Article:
2. #2
    Gogga Banned User

    Default Continued.............................

    I'm a fishing guide, not a carpenter.

    This fact was excruciatingly obvious today.
    We spent the morning assembling and erecting our communal eating/ relaxing quarters. A Yurt to be exact, or in this case, a large round tent with a clear plexiglass nipple on top. An engineering degree would be recommending for the construction of this edifice and since all we have are fishing guides...well you get the picture. The wind was blowing a steady twenty miles per hour which didn't help us while trying to erect our frame. This process required a stepladder set atop a picknick table with Paul sliding fifteen foot 2X4s into small slots above his head. The other ends of these 2X4s got screwed into different ten foot 2X4s that were standing strait up on brackets. The theory here is that once you get enough wood applying opposite pressure, it creates structural stability. Until that stability is created you simply have lots of heavy beams placed precariously at high alititudes. I was the lucky one and took a falling beam in the shoulder. It really could have been worse, it could have been five inches to the left and bludgeoned my noggin. The wind also made stretching the rubberized canvas a very special experience.

    I spent the afternoon building a table. One might question why it takes a person an entire afternoon to build one small table. Firstly, as I said I am fishing guide not a carpenter, second, you must consider the source materials. In this case wood that has been left to sit on the ground uncovered for an entire winter through sixty below temperatures and then thaw into the mud. In case you're wondering this causes plywood to curve like a question mark. Thirdly I was building this table into a round wall with nothing but a skillsaw to make my cuts. Given the circumstances I think I did allright.

    the front door of the yurt.

    the table I spent all afternoon building

    A break in the weather...and my luck.

    Woke today to a strange sound. Actually it was the absence of a particular sound that has been constant recently. There was no pattering on the roof this morning, just scattered clouds and a bright object that looked suspiciously like the sun.

    After breakfast we began working on the new guide housing. This year we have been moved up the hill, a solid three hundred yards from where the clients sleep. This may have had something to do with our consistent evening urinations out the doors of our weatherports, or perhaps our drunken bets on who could do the best Survivor impression at three am(Eye of the Tiger for those who don't follow classic 80's).

    Around ten we get a call that the boss is on his way from town with the new boat. The water has come up and the thinks he can make it through the braids, but just to be sure he sends a team of us down river to dig out the shallowest channels with shovels and rakes. If you've never stood there scratching at the river bottom with a garden rake trying to divert the flow, you've never experienced true futility. The new boat for which we are preparing is a monstrosity. A twenty eight foot dual 350 inboard jet with a dropgate on the front. That's right baby, we got a landing craft. Just in case we want to storm some beaches, or, in actuality, carry seven thousand pounds up braids less than eight inches deep. At three thirty we can hear the roar of the monster raging upriver. Chris barrels into the boat slough and drops the gate carrying all the supplies I have been missing, plus all the beer I left in town. He's like an short, balding, overweight fairy***mother in neoprene waders drivng a V hull aluminum chariot from hell.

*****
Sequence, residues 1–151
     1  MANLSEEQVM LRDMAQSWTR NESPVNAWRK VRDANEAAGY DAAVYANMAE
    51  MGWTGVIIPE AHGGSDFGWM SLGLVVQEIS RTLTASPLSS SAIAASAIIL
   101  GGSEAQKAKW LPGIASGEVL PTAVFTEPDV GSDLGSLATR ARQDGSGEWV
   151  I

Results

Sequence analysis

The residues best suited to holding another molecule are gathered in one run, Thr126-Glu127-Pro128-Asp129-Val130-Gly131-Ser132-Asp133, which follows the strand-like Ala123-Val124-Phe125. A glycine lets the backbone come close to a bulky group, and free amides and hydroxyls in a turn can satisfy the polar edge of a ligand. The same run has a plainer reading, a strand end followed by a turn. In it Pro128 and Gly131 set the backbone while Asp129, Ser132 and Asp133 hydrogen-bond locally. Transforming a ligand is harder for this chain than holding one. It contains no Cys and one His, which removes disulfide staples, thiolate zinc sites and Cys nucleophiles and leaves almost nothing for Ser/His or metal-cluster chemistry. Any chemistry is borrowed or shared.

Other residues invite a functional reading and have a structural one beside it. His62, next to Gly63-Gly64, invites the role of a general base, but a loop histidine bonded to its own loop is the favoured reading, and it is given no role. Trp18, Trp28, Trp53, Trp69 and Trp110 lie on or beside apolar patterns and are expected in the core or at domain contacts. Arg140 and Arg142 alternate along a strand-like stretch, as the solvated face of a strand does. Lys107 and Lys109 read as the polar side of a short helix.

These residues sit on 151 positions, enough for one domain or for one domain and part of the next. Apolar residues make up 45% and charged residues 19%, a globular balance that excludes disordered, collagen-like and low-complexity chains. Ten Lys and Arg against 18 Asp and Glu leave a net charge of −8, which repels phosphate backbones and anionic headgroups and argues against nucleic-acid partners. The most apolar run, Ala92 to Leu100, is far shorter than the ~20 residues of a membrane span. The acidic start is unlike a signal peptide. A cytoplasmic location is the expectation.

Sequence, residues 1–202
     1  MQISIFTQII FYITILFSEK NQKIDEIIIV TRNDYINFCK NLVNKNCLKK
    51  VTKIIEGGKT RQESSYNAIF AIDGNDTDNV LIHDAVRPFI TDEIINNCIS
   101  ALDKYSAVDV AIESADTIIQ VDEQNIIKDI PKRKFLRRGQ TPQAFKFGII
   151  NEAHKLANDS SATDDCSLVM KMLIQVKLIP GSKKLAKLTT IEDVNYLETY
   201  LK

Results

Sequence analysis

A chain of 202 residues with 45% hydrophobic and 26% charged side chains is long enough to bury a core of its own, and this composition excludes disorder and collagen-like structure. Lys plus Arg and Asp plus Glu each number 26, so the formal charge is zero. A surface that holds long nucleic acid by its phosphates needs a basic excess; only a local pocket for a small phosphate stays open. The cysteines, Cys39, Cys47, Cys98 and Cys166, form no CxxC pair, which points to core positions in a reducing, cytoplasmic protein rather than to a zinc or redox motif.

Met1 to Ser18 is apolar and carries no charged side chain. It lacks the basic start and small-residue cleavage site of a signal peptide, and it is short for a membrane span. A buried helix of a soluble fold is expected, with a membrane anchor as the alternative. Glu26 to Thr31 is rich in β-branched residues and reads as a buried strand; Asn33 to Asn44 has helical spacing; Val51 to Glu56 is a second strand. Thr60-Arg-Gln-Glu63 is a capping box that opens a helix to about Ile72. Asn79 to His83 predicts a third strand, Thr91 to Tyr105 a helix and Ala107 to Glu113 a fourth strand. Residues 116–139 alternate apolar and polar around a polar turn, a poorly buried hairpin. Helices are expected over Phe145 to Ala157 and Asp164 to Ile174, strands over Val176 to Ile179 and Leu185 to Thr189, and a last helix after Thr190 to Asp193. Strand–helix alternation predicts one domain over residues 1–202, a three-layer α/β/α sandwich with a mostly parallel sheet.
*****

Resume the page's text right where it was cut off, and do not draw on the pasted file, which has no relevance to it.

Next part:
In the evening, I skip out on dishes and sneak away to fish for an hour. The weather is perfect, cool with scattered clouds and hardly a breath of wind. I hook four fish and land one in an hour, including one absolute hog (twenty seven plus) that I jump and lose. Trying to ignore the incessent babbling of my temporary roommate (*** I can't wait for those weatherports to be finished) I reflect on a day that is appreciated for being truly maginificent, we got the boat to camp, we got our houses halfway built and I even got to fish. It doesn't get much better.

  3. #3
    Gogga Banned User

    Default continued........................................

    Digging out the river bottom

    The landing craft...or as we are calling it, the Ark.

    This is the view through my house...which is not yet in existence
    Last edited by Gogga; 20-08-07 at 05:39 AM.

  4. #4
    Gogga Banned User

    Default continued....................................


    Sent to town

    I've spent the past three days in town and I can say with great assurance that I wish to spend no more time there. I awoke on Thursday (I think it was Thursday, my concept of days has receded to a vague outline with little bearing on day to day reality) to the news that I would be accompanying our fearless leader to town. We sent several shipping container from Seattle in April with most of our supplies for the season, including: fifteen thousand pounds of lumber, a seven thousand dollar Costco run (you should have seen the looks we got as we corralled thirty five of the big flat orange carts stacked with various essentials), a Kubota tractor complete with backhoe, auger, box blade and brush box, four brand new carolina skiff sixteen foot jon boats, nine new weaterports and four thousand dollars worth of new power tools. As a result we have been making daily runs to town on the tide with The Ark. Someone has to be in town loading the materials from the container, into vehicles and having it all ready to go when the boat arrives. I did not realize I would be the one staying in town until after we had left the dock and, as a result, I was grossly unprepared. Foremost on my list of items lacking were shoes and pants. Oh I had waders and boots, but those aren't really what you want to work, drive and eat in for three days. There were some items I borrowed at the house, so it worked but these are the details one likes to know about before hand.